To The Moon

8.5 Overall Score
Presentation: 7/10
Mechanics: 6/10
Narrative: 10/10

A very grown-up story that saddens and inspires thought long after you shut down the game.

Game mechanics are rudimentary and sometimes clunky.

On the surface, To The Moon by Freebird Games seems like an unassuming indie title that came out in September, 2012 to little fanfare. However beneath the surface lies a real treasure. The premise is simple enough. Johnny is on his death bed and wants his final wish fulfilled: to go to the moon. Although To The Moon doesn’t offer the player much in terms of visual glitz or game interaction, progression through the story leads to an ending more emotionally powerful than most game endings I’ve experienced in the past decade.

The game has the look of a 16-bit RPG. The simple color palette and sprite-based animation have a retro charm that’s never distracting. That is to say that at no point did I wish for a more modern look.  Following that retro-chic aesthetic, all the dialogue is text.  The music, however, isn’t limited to the compressed MIDI arrangements from the SuperNintendo era.  Not only are the full piano pieces a pleasure to listen to, a few of the tunes are downright moving.  They provide the perfect audio backdrop to the overall theme of the game.

Johnny wants to go to the moon.  Exactly why, he doesn’t know.  Since he can’t go back in time, he hires scientists Eva Rosalene and Neil Watts to help him out.  With their high-tech helmets, they can travel into Johnny’s memories to change them. The theory is that the newly created events in his mind will lead him to believe that he actually traveled to the moon. As the scientists travel backwards through Johnny’s life, they discover the twists and turns of his childhood and his complex relationship with his troubled wife, River.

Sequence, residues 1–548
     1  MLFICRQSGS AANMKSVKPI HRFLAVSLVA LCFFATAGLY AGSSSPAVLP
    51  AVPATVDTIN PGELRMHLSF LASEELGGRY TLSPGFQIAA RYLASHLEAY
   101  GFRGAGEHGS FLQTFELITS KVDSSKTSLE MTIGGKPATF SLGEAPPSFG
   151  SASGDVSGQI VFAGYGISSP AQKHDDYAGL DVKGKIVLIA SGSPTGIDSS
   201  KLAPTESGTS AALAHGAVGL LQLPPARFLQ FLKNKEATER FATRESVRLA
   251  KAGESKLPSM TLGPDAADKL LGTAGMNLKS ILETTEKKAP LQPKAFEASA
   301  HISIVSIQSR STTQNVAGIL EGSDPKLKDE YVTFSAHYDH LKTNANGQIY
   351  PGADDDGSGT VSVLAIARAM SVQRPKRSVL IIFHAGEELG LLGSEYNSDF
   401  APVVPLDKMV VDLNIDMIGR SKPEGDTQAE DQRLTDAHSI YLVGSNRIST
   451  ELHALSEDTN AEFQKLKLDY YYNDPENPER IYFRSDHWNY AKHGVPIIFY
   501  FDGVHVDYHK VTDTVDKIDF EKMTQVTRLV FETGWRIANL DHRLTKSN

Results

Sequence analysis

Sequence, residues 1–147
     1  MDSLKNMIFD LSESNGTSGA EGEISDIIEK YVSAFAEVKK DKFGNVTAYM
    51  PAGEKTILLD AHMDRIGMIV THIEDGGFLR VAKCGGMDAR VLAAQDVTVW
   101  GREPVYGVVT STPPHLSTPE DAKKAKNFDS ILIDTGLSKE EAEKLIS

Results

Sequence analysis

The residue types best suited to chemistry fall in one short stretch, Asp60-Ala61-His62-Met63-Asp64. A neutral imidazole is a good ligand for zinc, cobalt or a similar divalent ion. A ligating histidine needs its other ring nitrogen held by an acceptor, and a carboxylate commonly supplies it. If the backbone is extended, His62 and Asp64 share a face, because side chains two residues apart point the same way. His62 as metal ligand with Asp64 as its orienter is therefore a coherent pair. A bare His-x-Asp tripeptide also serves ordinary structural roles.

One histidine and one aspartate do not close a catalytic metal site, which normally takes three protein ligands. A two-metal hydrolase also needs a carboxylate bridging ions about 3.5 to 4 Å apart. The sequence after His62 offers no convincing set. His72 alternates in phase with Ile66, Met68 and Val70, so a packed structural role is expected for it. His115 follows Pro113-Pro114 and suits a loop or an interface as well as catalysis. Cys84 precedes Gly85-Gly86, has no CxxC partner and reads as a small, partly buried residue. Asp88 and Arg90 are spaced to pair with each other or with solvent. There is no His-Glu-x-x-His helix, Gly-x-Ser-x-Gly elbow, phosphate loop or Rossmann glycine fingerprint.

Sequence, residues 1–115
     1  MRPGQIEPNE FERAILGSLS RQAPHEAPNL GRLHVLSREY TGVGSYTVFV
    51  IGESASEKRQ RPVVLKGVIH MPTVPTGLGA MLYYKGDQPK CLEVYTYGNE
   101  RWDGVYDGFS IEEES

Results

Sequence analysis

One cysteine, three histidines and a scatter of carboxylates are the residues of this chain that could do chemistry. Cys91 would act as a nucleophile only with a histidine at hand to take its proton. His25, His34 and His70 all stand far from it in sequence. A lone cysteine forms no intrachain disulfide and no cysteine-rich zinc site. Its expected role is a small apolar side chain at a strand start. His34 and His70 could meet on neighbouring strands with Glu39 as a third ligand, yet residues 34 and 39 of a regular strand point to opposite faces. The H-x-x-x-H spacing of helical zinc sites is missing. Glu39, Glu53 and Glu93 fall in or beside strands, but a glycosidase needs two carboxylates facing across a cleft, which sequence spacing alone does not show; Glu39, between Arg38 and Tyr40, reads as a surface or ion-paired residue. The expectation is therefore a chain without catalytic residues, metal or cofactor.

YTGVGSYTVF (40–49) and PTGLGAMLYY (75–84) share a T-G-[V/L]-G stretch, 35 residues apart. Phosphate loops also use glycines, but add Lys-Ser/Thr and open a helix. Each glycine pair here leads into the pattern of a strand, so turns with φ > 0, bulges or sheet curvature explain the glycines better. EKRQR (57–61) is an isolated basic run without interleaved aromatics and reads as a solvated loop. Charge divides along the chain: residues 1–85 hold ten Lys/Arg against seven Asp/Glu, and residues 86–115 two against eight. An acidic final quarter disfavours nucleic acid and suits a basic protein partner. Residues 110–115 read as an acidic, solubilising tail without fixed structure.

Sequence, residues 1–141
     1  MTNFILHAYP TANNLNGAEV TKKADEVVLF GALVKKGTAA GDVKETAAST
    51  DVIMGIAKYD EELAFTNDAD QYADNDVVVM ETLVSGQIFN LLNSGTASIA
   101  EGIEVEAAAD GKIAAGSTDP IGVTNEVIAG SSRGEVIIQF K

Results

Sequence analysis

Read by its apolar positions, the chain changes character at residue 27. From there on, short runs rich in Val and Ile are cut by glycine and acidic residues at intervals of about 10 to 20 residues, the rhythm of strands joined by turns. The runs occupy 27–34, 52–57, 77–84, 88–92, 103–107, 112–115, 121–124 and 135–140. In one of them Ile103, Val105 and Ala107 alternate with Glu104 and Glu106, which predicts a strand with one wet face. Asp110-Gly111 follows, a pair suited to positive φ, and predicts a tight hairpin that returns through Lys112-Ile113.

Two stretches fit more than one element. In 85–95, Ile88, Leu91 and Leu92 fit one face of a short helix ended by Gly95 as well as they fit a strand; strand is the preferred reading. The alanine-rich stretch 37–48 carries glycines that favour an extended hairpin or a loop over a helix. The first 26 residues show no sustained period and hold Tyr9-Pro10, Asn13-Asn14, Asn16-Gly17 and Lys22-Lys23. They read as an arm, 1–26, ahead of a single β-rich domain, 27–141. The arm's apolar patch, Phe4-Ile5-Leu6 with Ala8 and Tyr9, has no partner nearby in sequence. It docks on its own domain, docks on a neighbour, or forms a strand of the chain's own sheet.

Without giving away too much, To The Moon‘s story progression entices the player onward with its cutesy RPG look, silly exchanges between the two doctors and simple game mechanics that are no more difficult than pattern puzzles. However, the game’s simplicity is a double-edged sword. The bulk of player interaction is little more than navigating characters around small, two-dimensional environments to talk to other characters or pick up objects. Small puzzle segments offer little challenge. From start to finish, the game clocks in at a little over four hours, which some may find too short. But the quality of the story more than makes up for its brevity.

To The Moon ultimately succeeds because of the developer’s bravery in tackling the heady subject matter at the story’s core. Simple graphics and equally simple game mechanics leave the player unencumbered by modern gaming expectations. Without these distractions, emotions are more easily drawn to the surface. The carefully structured narrative gradually feeds conflict and drama into each step of the tale, leading to a grand finale where the player realizes the significance of the game’s title. Although I will never openly admit to shedding any tears, I suggest keeping a tissue or two handy.

In an industry bloated with million dollar budget games that are long on spectacle but short on substance, it’s refreshing to experience a gem like To The Moon. It’s available on Freebird Games’s site, Good Old Games, and Steam for $9.99, and on Origin for $11.99.  For the impact that it delivers, the game is a steal. To The Moon is a must-play title that has earned its tear-soaked place in my top ten favorite games of all time.

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Author: John Catuira View all posts by

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